Reponses to Obesity

The World Health Organization stated that the key to maintaining healthy weight was an affordable supply of fresh nutrient-rich foods. Such access could be facilitated through a combination of agricultural subsidies, pricing policies, regulatory action, and consumer education. Such approaches involve a cooperation between governments, academia, and the food industry (Drewnoski and Darmon 271S). "The United States is experiencing substantial increases in overweight and obesity that cut across ages, racial and ethnic groups, and both genders, has been increasing in every State in the Nation [and] has reached epidemic proportions. . . left unabated, overweight and obesity may soon cause as much preventable disease and death as cigarette smoking. (Benloulou)"

In fact, many researchers have made similar claims that compare the over consumption of fatty foods to the damages caused by smoking cigarettes or the use of other tobacco products. By making similar claims to smoking, the case can be made for imposing more regulations on the fast food industry. Like tobacco, the fast food industry is a huge business, with deep pockets. And the reality of obesity is that it is a worrying problem, not just in the U.S. But in Europe and other parts of the developed world. In the U.S. alone, the number of children classified as overweight has doubled since 1980, while the number of overweight adolescents has tripled (Adams 2).

The World Health Organization, and an Expert Committee convened by the American Medical Association, have recommended restricting children's consumption of energy-dense foods as a strategy to prevent and treat obesity (Wood 1). Therefore there is even a strong push against fast food firms such as McDonalds to target these consumer demographics with advertising. Commenting on a McDonald's plan to send Ronald McDonald to schools to preach about nutrition, an aide to a U.S. senator said, "No matter what Ronald is doing, they are still using this cartoon character to sell fatty hamburgers to kids. Once upon a time, tobacco companies had Joe Camel and they didn't get it either (CASE 2-7)"; which again makes the claim that the consumption of unhealthy foods is something akin to the consumption of tobacco.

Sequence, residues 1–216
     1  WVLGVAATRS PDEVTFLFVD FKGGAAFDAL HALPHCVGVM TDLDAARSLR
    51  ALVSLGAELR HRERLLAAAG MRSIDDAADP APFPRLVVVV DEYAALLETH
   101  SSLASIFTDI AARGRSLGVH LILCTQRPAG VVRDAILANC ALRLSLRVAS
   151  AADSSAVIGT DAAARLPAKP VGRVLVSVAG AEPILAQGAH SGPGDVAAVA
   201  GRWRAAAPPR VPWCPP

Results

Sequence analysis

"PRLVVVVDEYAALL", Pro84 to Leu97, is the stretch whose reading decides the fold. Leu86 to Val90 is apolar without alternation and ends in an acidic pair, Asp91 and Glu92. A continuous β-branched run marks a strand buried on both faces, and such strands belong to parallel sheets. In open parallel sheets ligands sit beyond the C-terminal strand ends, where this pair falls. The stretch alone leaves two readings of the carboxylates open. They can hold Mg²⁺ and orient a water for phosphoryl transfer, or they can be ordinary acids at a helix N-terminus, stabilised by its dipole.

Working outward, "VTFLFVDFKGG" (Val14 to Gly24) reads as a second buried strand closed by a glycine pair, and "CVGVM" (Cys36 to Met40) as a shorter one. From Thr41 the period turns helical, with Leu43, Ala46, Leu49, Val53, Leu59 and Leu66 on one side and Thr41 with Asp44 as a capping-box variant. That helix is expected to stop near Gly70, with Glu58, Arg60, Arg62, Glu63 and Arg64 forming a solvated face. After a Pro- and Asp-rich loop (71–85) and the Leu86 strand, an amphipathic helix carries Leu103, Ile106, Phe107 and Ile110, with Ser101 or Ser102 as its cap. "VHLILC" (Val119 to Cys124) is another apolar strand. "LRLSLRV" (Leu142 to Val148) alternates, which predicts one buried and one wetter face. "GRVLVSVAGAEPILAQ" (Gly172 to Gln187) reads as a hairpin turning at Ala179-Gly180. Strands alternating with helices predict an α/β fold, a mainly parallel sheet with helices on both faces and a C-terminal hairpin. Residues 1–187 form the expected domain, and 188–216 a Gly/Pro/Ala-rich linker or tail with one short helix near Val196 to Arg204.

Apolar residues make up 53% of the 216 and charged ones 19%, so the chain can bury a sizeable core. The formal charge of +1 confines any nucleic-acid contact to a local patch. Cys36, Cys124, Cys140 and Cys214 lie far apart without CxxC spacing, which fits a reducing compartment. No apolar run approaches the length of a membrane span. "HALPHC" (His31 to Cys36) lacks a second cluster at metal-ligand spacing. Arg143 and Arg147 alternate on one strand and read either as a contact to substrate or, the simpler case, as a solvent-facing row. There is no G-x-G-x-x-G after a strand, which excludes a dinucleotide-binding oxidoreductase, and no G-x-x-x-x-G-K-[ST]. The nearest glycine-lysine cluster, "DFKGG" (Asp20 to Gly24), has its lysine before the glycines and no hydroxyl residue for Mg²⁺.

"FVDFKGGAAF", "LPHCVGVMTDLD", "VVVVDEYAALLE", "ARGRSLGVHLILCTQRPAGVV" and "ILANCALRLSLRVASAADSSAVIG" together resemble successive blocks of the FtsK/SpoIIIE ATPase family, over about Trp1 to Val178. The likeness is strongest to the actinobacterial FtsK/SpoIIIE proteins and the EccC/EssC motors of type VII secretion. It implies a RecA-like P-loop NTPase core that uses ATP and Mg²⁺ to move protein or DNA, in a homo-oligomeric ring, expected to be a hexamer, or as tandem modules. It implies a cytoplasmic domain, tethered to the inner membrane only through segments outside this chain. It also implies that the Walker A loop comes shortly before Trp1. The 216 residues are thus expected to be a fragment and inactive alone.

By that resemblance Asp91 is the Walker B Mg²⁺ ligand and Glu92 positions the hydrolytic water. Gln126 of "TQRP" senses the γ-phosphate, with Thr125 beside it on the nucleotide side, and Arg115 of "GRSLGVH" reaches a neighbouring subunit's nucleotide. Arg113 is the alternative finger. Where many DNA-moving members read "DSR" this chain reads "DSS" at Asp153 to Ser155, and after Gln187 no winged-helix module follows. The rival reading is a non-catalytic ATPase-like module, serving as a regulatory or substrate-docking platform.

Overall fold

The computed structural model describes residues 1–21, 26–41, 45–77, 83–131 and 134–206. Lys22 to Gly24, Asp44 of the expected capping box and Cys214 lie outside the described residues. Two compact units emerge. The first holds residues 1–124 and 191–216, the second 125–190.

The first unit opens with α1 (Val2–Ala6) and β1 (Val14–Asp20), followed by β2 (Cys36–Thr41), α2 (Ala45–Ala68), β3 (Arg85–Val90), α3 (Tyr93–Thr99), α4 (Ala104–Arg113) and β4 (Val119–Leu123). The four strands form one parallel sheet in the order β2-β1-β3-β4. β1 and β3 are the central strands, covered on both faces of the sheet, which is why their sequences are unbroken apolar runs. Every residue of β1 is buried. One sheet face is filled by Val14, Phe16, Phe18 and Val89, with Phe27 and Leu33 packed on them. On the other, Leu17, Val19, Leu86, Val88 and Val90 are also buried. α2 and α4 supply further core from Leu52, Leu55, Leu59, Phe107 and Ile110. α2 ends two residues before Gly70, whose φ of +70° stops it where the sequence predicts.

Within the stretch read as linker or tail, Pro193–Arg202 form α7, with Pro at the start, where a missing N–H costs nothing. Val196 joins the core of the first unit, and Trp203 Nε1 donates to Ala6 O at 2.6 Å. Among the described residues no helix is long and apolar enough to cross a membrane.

However, many of the providers of unhealthy foods are proactive in the defense of their reputations. For example, McDonalds, the world's largest food service organization, has even taken steps to squash free speech by filing a libel suit against activists which worked for Greenpeace that produced a fact sheet that outlined some of the health consequences of eating food from the McDonald's menu (Econotes 10). Although high health, social, and economic costs are known to be associated with obesity, the underlying causes of weight gain are less understood yet, at a basic level, weight gain and obesity are the result of individual choices (Philipson, Dai and Helmchen 1). McDonalds as well as the other industry players are quick to point out the fact that ultimately the individual's freedom of choice plays a large part of the equation.

Many cities have tried to combat the obesity epidemic on their own without any federal level intervention. However, such attempts are often met with strong opposition from the restaurant industry representatives; "We have a fundamental problem with government stepping in and treating restaurants as if they are engaged in activity that is at the root of the obesity epidemic," says Jot Condie, president of the California Restaurant Association who blames the epidemic on a web of factors, including sedentary lifestyles and lack of nutrition education (McBride 2). In one legal action against McDonalds the plaintiffs allege, in their fifth and final count, that McDonald's "negligently, recklessly, carelessly and/or intentionally. . . [distributed]. . . food products that are physically or psychologically addictive." And that this cause of action alleges that McDonald's caused its consumers to become physically or psychologically addicted to products that cause adverse health effects (Benloulou).


The effects of the cheap and plentiful food in regards to the health consequences are well-known and have been studied for quite some time. If you eat unhealthy food then you will likely gain weight and suffer from any one of many associated diseases. Despite the problem being fairly straight forward, the solution to mitigating the obesity rate…